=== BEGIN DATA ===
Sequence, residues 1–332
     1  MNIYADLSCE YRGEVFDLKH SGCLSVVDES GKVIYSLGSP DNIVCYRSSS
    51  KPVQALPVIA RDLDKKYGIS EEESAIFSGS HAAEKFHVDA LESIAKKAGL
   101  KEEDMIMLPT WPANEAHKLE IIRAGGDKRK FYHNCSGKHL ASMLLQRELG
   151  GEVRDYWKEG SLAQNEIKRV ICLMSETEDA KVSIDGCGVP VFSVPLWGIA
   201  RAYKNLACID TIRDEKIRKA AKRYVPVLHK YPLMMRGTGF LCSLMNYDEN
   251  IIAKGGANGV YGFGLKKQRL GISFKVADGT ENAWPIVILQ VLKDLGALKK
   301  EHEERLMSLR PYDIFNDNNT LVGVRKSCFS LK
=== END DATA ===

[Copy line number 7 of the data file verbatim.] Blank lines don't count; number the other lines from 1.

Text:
   251  IIAKGGANGV YGFGLKKQRL GISFKVADGT ENAWPIVILQ VLKDLGALKK